So last I left you I was racking my brain through the complications of the Dutch Defense. I want to show you an interesting tabia, chess shorthand for a commonly-reached position. This position is critical to black’s game. Black has not yet paid any attention to his queen side because weakening f7 necessitated taking extra care of his king first. Here is the tricky part: none of your moves are forced. You can literally play anything here since you’re not parrying direct threats. However, one mistake means your position is much weaker. Two mistakes and you’re facing major positional disadvantages that threaten the material balance.
This tabia and others like it are helpful to focus your study. Rather than learn move orders, which I wasted a lot of time on, you should learn positions. In other words it doesn’t truly matter at the amateur level if white chooses to play g3, Bg2 first or takes hold of c4 and d4 beforehand. I would strongly advise you to memorize the critical positions that occur in your opening. If the opponent makes a move that does not put him within reach of the tabia, and you have done nothing wrong, then he has made an error. Whether or not it confers a tangible benefit will depend upon your ability to exploit the mistake. It’s not always a simple matter. Not all errant moves drop a piece or scream out tactics.
So what would you do here generique voltarene? First we’ll look at the position in terms of imbalances. White has a pleasant space advantage on the queen side, a lead in development, a superior queen’s knight, and is looking at a black e-pawn that can be potential backward. Since e5 has to happen to mitigate d5, and c6 takes the square from the knight we will soon have a weak square on d5 and e6. We’ll need to use pieces rather than pawns to defend those holes.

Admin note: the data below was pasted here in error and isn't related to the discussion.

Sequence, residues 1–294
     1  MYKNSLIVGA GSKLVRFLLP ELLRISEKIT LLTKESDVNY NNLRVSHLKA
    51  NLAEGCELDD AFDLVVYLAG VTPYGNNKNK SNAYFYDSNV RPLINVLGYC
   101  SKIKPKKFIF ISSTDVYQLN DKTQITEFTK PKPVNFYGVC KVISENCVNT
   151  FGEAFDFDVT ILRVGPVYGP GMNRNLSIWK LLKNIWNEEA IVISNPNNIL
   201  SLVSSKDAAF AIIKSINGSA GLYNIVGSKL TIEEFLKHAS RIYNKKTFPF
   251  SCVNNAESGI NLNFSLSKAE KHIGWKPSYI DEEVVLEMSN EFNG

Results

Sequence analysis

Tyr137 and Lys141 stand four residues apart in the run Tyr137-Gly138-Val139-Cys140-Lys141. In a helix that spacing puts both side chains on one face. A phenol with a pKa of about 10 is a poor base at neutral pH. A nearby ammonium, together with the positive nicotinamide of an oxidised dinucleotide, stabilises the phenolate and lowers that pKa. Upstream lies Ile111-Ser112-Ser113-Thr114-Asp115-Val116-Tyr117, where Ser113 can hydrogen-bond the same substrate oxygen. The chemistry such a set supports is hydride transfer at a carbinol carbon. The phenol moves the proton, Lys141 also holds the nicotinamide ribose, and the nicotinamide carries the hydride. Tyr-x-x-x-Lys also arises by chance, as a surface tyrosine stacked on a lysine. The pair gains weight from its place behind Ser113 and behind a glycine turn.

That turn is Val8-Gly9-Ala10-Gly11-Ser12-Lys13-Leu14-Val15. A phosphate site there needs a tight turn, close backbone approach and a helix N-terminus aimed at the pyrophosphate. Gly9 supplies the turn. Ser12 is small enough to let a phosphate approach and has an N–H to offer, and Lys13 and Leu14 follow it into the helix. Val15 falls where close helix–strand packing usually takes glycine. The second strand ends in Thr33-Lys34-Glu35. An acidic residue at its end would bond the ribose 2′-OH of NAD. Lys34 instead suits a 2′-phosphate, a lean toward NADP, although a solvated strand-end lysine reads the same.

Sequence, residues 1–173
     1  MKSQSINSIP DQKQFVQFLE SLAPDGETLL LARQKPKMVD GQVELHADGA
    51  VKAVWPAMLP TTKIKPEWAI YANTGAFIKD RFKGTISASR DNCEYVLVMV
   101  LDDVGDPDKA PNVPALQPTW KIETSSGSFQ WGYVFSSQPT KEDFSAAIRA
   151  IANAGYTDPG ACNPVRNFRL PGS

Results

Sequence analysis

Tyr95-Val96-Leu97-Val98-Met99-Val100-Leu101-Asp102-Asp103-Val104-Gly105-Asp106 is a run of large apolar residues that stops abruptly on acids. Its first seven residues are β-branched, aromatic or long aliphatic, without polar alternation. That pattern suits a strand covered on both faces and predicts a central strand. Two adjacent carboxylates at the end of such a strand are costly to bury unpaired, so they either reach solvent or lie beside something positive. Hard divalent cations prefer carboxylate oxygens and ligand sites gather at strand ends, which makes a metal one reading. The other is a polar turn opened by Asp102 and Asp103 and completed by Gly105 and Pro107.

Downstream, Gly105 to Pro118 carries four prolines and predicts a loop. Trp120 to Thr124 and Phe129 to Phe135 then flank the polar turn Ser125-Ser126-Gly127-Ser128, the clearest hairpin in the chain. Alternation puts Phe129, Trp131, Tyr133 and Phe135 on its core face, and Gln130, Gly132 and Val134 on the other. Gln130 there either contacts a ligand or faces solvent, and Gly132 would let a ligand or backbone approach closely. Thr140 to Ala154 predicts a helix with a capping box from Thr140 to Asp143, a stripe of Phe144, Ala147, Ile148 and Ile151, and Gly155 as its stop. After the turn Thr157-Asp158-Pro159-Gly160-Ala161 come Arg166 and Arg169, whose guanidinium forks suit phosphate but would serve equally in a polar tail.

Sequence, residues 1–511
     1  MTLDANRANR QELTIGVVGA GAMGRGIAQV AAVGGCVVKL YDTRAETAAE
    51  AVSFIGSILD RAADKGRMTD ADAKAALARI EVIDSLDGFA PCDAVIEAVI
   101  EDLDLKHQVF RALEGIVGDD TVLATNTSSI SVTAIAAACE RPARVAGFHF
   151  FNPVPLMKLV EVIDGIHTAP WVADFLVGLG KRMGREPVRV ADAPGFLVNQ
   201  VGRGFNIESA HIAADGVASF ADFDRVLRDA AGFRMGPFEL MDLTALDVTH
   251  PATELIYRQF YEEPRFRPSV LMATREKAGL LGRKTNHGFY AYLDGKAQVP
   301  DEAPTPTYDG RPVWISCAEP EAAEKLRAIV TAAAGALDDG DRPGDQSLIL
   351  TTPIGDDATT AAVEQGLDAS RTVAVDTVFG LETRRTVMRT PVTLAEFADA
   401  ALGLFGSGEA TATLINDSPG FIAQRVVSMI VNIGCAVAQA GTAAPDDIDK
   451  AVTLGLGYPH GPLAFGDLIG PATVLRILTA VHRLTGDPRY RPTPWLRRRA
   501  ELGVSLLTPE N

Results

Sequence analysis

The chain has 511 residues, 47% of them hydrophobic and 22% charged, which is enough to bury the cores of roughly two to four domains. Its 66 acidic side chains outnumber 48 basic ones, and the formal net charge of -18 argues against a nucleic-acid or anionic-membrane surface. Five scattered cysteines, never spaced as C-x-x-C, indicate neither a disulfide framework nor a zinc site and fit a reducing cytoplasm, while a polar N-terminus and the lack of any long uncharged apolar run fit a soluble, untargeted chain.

Which candidates moves did you choose? It’s funny that in Fritz’s top two variations black has to violate general chess principles. In other words this opening is full of exceptions rather than rules. Na6 violates ‘the knight on the rim is dim’ and you would need to recognize that the position of white’s light square bishop allows this move. Another variation begins with Nc6 where black is willing to accepted the weak square. Then after Be3 black prepares the aggressive Ng4 or C5. These move the same piece twice in the opening and make a fourth pawn move at the expense of piece development.
We haven’t even begun to solve the problem of the queen’s bishop yet! The reason I picked this position is to show you that it’s logical to start with a balanced position where you can quickly learn what works and what doesn’t. The Dutch clearly is an exercise in frustration for an inexperienced player and I frankly admit I still don’t know how to handle its muddy waters! Oh, and in the Stonewall Dutch I once saw a great player move a bishop four times in a row to get to the edge of the board. Good luck finding that plan.